The ISPCC has expressed concern at the grave findings of the National Review Panel report into the handling of a case involving the sexual abuse of young children at a foster home in County Galway.
The report outlines multiple shortcomings in the actions of state agencies tasked with safeguarding the welfare of children in the foster care system, including systemic flaws in management practices, deficiencies in assessment and review processes, an inadequate response in the aftermath of disclosures of abuse and a lack of appropriate actions taken to adequately protect victims
ISPCC CEO John Church said: “The report of the National Review Panel into this case highlights serious errors of judgement which occurred in the handling of this case involving abuse which took place repeatedly over a four-year period (between 2003 and 2007).
“It is of particular concern that the remaining children in the family’s care were not removed, despite sufficient evidence to warrant their removal from the placement. No attempt was made to assess the threat posed to other children in the community following the disclosures, nor was any contact made with the families of children who had previously been placed with this foster family in order to identify whether there any further incidences of abuse had occurred.
“It is difficult for children to disclose abuse and the findings of this report demonstrate how important it is that when abuse happens children are listened to, taken seriously and their claims acted on swiftly. As seen in this case, the perpetrators of sexual abuse are often known to their victims. Those who are specifically charged with the care of vulnerable children must ensure that every possible action is taken to protect them from harm.
“It is to be welcomed that a number of significant reforms have been introduced to the child protection and welfare system in place in Ireland since the time period in which the events under review in this report took place. These include the Children First Act, the establishment of Tusla and the development of national standards and inspections by the Health Information and Quality Authority (HIQA). Developments including the enhancement of collaborative working between Tusla and An Garda Síochána and the piloting of the ‘One House Model’ are welcome and we will be monitoring their progress. It is essential that robust systems are in place to safeguard children’s welfare and these must be regularly audited to assess their effectiveness. Learnings from every case should be taken into account.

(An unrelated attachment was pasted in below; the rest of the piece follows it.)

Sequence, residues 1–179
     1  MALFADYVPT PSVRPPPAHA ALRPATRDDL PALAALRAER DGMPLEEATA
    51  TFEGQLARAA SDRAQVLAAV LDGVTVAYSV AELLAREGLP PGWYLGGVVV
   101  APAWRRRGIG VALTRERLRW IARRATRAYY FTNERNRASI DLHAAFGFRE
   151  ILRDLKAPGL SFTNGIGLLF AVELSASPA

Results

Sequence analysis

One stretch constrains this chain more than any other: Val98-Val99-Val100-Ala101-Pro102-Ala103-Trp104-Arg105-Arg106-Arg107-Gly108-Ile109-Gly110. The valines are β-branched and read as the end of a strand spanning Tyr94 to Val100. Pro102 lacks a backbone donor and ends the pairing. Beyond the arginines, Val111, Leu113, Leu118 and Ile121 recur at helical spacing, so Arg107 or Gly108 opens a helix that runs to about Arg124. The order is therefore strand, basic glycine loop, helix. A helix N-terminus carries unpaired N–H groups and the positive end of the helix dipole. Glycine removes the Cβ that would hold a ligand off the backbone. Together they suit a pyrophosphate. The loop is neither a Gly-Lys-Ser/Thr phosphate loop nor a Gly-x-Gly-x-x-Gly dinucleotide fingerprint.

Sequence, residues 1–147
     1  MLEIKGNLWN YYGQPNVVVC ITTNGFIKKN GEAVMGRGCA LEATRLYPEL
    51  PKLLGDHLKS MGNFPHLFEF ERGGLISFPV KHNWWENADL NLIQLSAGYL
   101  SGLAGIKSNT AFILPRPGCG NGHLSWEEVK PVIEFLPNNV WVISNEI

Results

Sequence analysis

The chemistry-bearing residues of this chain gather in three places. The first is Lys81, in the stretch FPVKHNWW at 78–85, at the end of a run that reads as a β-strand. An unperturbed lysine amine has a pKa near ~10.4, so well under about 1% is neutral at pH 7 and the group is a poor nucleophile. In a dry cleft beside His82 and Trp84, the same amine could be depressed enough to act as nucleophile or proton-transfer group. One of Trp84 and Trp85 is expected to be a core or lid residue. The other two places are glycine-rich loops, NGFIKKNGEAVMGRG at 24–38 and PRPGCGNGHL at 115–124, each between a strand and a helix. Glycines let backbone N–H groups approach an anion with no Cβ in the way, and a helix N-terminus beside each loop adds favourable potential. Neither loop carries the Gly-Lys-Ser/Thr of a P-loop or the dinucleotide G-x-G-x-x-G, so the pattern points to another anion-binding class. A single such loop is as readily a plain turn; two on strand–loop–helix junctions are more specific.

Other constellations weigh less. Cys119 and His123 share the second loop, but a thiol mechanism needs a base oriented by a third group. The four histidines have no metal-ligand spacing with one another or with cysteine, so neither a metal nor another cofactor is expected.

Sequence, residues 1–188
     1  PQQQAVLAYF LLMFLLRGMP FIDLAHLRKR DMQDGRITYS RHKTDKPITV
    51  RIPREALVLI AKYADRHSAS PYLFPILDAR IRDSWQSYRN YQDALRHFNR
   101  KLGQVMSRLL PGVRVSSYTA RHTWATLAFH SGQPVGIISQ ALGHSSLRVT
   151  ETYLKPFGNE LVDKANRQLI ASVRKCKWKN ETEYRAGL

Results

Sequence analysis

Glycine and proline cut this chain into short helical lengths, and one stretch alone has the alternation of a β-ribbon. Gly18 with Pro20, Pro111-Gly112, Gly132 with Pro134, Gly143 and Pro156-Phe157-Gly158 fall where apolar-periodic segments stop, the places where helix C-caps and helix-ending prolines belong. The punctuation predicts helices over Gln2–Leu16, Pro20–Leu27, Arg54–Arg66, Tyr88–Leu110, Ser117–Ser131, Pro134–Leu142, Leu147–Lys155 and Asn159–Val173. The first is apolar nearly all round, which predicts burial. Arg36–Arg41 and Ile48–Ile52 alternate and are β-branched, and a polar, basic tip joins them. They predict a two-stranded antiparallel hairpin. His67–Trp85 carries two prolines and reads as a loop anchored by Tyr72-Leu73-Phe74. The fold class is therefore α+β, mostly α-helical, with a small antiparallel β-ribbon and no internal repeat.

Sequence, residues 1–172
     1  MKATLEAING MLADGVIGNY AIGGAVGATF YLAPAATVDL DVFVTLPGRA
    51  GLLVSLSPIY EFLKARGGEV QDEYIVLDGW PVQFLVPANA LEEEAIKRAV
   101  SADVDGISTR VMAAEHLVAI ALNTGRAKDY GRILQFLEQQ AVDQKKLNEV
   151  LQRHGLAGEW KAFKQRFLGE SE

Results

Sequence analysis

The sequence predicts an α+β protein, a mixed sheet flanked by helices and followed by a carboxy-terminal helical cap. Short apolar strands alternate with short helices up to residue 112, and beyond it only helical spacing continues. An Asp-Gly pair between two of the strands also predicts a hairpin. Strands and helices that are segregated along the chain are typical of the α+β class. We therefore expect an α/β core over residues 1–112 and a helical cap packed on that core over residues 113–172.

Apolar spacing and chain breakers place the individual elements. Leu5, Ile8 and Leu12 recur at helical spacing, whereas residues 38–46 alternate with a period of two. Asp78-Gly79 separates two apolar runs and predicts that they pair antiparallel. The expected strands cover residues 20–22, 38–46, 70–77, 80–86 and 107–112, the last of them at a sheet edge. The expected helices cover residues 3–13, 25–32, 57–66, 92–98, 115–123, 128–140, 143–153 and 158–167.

“Additionally, the ISPCC welcomes the report’s highlighting of the necessity for urgent intervention where adolescents have been the perpetrators of sexual abuse in order to prevent the patterns of offending becoming ingrained in that young person.
“Ireland has a bleak history of not listening to children and not acting in their best interests. Children have a right to be safe and a right to be heard. It is in everyone’s interests that Tusla, the state agency tasked with safeguarding children’s welfare, succeeds. Working in frontline child protection and welfare services is challenging and adequate supports need to be available to help ensure individuals are equipped to perform their jobs effectively.
“Foster care is the backbone of the care system in Ireland. Foster families play a hugely important role in supporting vulnerable children. It is essential that children in foster care and their families, as well as the public, can be assured that they can trust the system. It is also essential that foster families and those considering becoming foster carers can have confidence in the system, its supports and its protections for those in care and for foster carers.”